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  #21  
Old 2006-09-03, 15:48
Requiem Requiem is offline
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what cd is it from?
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  #22  
Old 2006-09-03, 15:53
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annihilation of the wicked
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  #23  
Old 2006-09-03, 15:54
Requiem Requiem is offline
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really man i should of heard that song my friend has that cd oh well.Ill go download it
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  #24  
Old 2006-09-03, 17:11
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Quote:
Originally Posted by sixsicsix
I have slinkys on my bc just because they were only like 10 bucks and I needed to string it to keep the neck from warping


Necks dont warp if left unstrung.

I use DR Sunbeams on almost everything. I use old ones on my jazz bass, and fresher ones on my 6 string. By far the best sounding and feeling nickel plated bass strings out there.
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Originally Posted by the_bleeding
buy a stick of graphite (art stores) and rub it into your nut
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  #25  
Old 2006-09-03, 17:27
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yes they do
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  #26  
Old 2006-09-03, 19:35
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ive never head not having strings on a bass would warp it
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  #27  
Old 2006-09-03, 20:14
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Tattered Tattered is offline
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It only slightly warps the neck because of the loss of tension, but no major shift.

Warwick black labels are worth a try, and you definately can not go wrong with Dr Hi-beams, probably the one of the best sets of bass strings out there, along with the fodera sets.
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  #28  
Old 2006-09-03, 23:37
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Quote:
Originally Posted by sixsicsix
yes they do


The neck will back bow a tiny bit, but thats not warping. I did this kind of stuff for living man, probably not the best guy to argue with.
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"So often our hands get caught up in ruts of muscle memory. 'Muscle memory' is an accurate term. We get used to doing certain things, without even being aware of them. This ultimately not only shapes and therefore limits our technique, it also shapes what we compose, what we write. We end up thinking still unknowingly trapped in that box." -Adam Nitti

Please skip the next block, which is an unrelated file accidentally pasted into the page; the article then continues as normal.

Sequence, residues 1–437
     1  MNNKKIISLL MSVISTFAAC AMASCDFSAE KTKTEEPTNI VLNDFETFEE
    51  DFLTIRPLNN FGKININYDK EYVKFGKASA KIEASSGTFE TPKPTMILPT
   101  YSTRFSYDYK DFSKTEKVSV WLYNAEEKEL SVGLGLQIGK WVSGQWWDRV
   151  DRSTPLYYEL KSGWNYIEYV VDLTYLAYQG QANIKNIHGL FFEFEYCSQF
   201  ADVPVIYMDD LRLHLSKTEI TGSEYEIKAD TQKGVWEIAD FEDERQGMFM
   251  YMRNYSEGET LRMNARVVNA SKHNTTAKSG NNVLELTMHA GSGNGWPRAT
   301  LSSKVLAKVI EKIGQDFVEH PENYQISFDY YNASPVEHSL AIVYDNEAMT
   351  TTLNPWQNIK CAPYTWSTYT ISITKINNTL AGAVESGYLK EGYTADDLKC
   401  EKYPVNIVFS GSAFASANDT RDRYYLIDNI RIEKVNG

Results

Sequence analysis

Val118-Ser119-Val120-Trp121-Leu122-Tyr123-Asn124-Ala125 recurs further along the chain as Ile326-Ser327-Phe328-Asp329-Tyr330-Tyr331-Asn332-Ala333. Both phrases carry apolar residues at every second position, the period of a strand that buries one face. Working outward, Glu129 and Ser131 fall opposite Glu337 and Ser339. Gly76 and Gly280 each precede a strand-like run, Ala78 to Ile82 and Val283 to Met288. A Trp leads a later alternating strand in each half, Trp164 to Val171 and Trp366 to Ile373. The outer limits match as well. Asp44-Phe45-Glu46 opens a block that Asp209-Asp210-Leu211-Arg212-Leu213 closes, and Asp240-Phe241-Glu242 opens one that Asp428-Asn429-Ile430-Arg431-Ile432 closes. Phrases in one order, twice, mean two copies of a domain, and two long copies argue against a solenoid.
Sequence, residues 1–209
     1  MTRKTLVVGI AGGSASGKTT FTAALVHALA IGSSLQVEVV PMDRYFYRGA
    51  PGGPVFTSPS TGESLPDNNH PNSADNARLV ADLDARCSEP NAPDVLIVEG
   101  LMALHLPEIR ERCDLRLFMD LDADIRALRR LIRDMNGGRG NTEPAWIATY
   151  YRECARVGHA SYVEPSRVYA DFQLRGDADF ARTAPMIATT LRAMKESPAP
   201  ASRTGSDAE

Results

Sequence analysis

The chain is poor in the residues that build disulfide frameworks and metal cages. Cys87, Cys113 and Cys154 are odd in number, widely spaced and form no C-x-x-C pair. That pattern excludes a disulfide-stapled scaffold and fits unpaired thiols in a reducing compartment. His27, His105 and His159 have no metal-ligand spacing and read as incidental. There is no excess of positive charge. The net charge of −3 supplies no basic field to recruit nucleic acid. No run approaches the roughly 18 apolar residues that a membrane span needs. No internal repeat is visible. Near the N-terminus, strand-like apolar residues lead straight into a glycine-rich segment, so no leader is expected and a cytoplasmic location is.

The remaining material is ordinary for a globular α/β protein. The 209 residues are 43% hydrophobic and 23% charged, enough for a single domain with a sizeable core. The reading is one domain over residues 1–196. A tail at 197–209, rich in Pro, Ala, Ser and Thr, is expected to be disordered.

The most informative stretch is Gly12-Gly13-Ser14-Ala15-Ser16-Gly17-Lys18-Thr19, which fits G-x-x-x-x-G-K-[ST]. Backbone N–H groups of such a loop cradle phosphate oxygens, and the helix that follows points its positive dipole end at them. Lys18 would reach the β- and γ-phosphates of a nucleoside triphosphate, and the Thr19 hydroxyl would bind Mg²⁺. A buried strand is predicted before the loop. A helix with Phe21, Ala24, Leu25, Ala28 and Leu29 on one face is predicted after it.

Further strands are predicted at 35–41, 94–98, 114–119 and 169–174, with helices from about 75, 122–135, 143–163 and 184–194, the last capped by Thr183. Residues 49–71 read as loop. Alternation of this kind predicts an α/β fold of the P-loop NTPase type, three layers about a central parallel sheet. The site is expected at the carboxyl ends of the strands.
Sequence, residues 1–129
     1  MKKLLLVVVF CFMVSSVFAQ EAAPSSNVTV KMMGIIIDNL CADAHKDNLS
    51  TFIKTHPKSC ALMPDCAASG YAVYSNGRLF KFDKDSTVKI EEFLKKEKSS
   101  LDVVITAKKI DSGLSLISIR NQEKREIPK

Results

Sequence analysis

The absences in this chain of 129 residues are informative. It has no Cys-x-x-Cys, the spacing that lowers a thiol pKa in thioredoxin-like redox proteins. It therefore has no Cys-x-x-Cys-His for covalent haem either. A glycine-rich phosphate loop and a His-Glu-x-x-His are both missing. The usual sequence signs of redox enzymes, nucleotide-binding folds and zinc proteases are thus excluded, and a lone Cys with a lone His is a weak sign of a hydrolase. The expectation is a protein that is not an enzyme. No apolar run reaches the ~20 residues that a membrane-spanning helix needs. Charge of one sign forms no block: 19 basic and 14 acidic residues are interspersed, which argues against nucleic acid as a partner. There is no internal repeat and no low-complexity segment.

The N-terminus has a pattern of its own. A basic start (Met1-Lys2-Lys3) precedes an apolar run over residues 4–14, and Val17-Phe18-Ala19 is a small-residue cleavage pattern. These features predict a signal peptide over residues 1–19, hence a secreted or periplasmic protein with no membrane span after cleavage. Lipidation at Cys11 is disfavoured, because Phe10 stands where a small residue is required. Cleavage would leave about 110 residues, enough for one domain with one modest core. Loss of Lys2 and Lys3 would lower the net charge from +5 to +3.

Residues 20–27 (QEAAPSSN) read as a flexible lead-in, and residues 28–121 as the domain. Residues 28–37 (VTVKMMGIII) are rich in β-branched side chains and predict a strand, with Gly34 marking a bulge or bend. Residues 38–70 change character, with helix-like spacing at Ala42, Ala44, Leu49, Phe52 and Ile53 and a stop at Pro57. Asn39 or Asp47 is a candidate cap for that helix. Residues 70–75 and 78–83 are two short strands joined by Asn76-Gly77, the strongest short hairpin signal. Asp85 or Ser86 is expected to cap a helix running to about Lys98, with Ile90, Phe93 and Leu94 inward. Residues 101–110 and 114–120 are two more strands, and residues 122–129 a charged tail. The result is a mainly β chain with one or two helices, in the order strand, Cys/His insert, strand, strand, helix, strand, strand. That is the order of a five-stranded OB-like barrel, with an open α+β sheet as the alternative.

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Originally Posted by the_bleeding
buy a stick of graphite (art stores) and rub it into your nut
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  #29  
Old 2006-09-04, 17:52
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ive been told to NEVER remove all your strings, but to change them out one at a time taking off the next string as you get to it, I think it was tattered who said this but I could be wrong
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  #30  
Old 2006-09-05, 09:14
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Quote:
Originally Posted by sixsicsix
ive been told to NEVER remove all your strings, but to change them out one at a time taking off the next string as you get to it, I think it was tattered who said this but I could be wrong
I heard the same thing too. Then again, I've never seen Valtiel be wrong about anything, he seems to always know what he's talking about. Maybe if the neck is already warped then having all the strings off might be bad? Whenever I change strings I've always done them one at a time too so that there is only one string missing at any given time. Hmmm ...

Quote:
Originally Posted by sixsicsix
avoid elixers...
my low b gets frayed after only a week or so of use(by that I mean the coating they apply starts to peel off) and i never touch a plectrum to my bass...EVER
I use Elixirs and the coating does not start coming off. It used to when I would nail the string violently against the fretboard la Steve Harris, but even since I stopped doing that so much, it's been fine. I still wouldn't recommend Elixirs though. The B string doesn't sound too good in the first place, and it dies out pretty quickly too. Also, on the set I'm currently playing, I broke 3 out of 5 strings. Jeez.
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  #31  
Old 2006-09-05, 09:47
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Valtiel Valtiel is offline
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Quote:
Originally Posted by Rattlehead
I heard the same thing too. Then again, I've never seen Valtiel be wrong about anything, he seems to always know what he's talking about. Maybe if the neck is already warped then having all the strings off might be bad? Whenever I change strings I've always done them one at a time too so that there is only one string missing at any given time. Hmmm ...